Much attention is focused on the economic welfare and empowerment of women around the globe and rightfully so; in the U.S., women are speaking out against abuse and harassments with outcries leading to policies that create safer and better working conditions for all.
Update: Celebrating International Women's Day 2020, brands such as L'Occitane are donating profits to help fund women's projects.
In West Africa, particularly in rural agricultural communities, the most significant threat to sustainable working conditions (that will allow women farmers to continue making an income to care for their families) is the impact of climate change on their environment.
The connection between the welfare of women and climate change in the agriculture sector may seem like a stretch to some, but to the women that make a living in these areas, it’s an all present reality.
Women are responsible for collecting water and wood for use in cooking and cleaning. Water and wood are key elements in the production of shea butter, which is a key source of supplemental income in the Sahel belt of West Africa, covering 21 countries and impacting the lives of approximately 16 million women.
Birds, Bees and Shea Butter Trees
I sat through a presentation by Birdlife International in Accra about a year ago and learned how environmental changes were impacting the migratory patterns of birds and the effect this could potentially have on shea butter production.
Over 40% of long-distance bird migrants in the African-Eurasian flyway have shown signs of decline over the last three decades. The Sahel region where the shea trees grow is a crucial area for bird survival, because it’s the first place where they can rest and feed.
Diversity of trees in this region is critical to attract birds during this migratory period. The shea trees depend on the birds and the bees to cross-pollinate and spread seed. A decline in the number of birds means a potential decline in the yield of shea nuts and the propagation of shea trees which will ultimately impact women’s ability to grow their income over time.
Another indirect result of creating an attractive ecosystem in the shea belt is a healthier environment that attracts bees and provides other income-producing opportunities for women such as honey and beeswax. The planting of diverse trees also provides alternative sources of firewood, so that women are less inclined to cut down shea trees.
Advocating for Sustainability to Empower Women Farmers
The shea industry has nearly doubled in the past ten years. Shea butter is an important ingredient in food, cosmetic, and pharmaceutical products worldwide.
Non-profit organizations like the Global Shea Alliance (GSA) exist to advocate for the sustainability of shea and the economic empowerment of women farmers in the that sector. Through public-private partnerships, GSA launched a sustainability program that identifies industry-wide challenges and implements solutions via stakeholder guidelines and collaborative projects. The guidelines promote women’s empowerment, good working conditions, development of local communities, and the protection of ecosystems.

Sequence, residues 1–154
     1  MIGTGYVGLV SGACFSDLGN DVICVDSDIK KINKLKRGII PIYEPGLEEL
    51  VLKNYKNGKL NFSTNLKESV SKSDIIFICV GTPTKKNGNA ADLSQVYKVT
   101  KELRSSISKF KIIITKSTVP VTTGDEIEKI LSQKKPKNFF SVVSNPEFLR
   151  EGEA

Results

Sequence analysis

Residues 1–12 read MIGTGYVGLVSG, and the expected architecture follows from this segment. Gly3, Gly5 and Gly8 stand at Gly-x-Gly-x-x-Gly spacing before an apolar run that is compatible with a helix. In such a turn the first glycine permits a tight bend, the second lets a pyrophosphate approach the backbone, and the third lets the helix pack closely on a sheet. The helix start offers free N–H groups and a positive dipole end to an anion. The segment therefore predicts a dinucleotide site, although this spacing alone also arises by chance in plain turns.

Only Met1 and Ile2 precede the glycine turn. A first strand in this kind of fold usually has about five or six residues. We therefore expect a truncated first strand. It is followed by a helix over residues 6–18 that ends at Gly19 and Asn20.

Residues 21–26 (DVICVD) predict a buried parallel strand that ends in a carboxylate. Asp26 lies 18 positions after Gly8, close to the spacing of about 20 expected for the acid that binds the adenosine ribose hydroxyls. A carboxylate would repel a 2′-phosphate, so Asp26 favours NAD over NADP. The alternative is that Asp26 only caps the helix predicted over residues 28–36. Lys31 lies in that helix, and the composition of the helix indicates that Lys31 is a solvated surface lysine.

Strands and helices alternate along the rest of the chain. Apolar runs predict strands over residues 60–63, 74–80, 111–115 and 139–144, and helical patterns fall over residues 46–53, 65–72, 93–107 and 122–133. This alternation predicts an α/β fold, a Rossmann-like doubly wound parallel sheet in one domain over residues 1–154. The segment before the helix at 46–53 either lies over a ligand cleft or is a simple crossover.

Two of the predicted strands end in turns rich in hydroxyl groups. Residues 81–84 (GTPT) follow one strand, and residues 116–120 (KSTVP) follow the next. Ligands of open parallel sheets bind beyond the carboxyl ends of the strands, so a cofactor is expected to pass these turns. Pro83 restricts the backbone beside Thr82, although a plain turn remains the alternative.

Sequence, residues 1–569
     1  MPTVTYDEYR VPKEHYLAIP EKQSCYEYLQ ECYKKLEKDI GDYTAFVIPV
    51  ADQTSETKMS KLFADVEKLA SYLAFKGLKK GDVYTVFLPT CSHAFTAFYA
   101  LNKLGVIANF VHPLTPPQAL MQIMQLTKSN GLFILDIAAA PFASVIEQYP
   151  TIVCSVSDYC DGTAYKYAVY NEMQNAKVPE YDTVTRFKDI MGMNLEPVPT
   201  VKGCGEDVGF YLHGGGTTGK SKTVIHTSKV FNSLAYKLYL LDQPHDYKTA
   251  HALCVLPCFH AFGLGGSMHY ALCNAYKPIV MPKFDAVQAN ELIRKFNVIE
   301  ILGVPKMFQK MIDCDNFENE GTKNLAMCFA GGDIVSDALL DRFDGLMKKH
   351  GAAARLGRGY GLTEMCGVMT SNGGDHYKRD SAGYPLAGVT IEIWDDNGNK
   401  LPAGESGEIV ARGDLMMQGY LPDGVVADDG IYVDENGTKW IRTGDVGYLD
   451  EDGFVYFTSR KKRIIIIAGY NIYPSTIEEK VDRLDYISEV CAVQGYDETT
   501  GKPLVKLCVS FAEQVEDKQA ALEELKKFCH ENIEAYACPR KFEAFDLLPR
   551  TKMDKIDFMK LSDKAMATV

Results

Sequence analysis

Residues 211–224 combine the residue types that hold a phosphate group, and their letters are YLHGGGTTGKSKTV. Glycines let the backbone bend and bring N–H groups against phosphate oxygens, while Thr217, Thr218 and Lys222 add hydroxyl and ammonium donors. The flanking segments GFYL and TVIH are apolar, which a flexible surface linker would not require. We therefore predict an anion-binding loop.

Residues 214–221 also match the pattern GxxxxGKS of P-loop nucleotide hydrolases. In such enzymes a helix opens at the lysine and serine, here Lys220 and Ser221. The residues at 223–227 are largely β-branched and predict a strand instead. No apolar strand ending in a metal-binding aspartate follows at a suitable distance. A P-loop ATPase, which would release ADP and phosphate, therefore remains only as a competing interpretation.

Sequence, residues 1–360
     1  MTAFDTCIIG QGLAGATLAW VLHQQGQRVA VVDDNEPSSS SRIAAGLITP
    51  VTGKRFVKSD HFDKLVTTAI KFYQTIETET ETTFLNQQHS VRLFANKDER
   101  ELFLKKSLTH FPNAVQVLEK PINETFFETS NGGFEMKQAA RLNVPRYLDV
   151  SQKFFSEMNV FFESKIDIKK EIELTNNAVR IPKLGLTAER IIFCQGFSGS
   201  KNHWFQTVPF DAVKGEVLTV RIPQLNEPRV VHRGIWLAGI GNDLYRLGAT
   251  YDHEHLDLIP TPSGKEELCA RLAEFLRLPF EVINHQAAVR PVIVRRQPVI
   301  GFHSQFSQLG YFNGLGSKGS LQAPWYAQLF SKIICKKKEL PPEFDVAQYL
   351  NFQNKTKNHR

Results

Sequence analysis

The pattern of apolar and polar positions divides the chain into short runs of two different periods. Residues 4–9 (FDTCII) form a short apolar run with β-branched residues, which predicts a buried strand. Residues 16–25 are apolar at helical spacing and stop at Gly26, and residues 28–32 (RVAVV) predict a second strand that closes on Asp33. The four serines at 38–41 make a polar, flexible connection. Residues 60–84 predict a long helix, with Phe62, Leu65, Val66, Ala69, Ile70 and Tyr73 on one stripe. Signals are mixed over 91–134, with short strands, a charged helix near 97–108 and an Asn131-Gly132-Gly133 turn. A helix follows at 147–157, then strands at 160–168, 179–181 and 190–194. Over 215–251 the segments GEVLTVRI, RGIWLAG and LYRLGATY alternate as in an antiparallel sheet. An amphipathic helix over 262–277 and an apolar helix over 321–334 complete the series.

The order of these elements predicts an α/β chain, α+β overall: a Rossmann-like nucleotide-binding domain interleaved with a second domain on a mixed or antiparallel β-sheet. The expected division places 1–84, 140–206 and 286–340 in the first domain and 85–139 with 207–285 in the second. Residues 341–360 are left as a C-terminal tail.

Members of the Alliance are encouraged to get involved in project work streams like building storage facilities for women’s groups in shea communities; capacity building and business training for women’s groups; pilot projects to improve the health and safety of collectors; research and development of improved planting materials; parkland management trainings for shea communities; and conservation pilot projects.
Brands like Burt’s Bees and The Body Shop are sustainability members involved in one or more of the project work streams.
In addition to improving women’s incomes by providing increased access to the global market for shea, and as women begin to scale their operations and increase productivity, the effect on the environment and climate change must be considered. Women use large amounts of firewood to boil the shea nuts and process shea butter and this process contributes to deforestation.
L’Oréal sources shea butter directly from communities in Burkina Faso, West Africa. The beauty company used more than 1,000 tons of shea butter sources shea butter directly from those communities.
L’Oréal implemented a carbon balanced ambition program, whereby they facilitated the acquisition of 1,500 improved cook-stoves, to replace the traditional “three-stone” stoves used to boil water to scald shea nuts. This installation allowed them to avoid both the emission of over 2,300 tonnes of CO2 annually and the harvesting of nearly 800 tonnes of timber in 2016.
Women who harvest shea are the caretakers of the ecosystem that sustains them. Given the right support, education and tools, they have the power to abate the impacts of existing damage and build a healthier and more productive environment for themselves and future generations.
ABOUT THE AUTHOR
Funlayo Alabi is the co-founder of Shea Radiance, a natural beauty brand dedicated to transforming hair, skin, thinking … and lives into something more beautiful than what it was before.
Alabi is a global business leader who speaks domestically and internationally on matters of international business, market and economic access for African women, Africa’s agricultural sector and Shea butter. Alabi and Shea Radiance were selected to be honored in the 2017 Goldman Sachs 10,000 Small Businesses program offering education, business support services and access to working capital.
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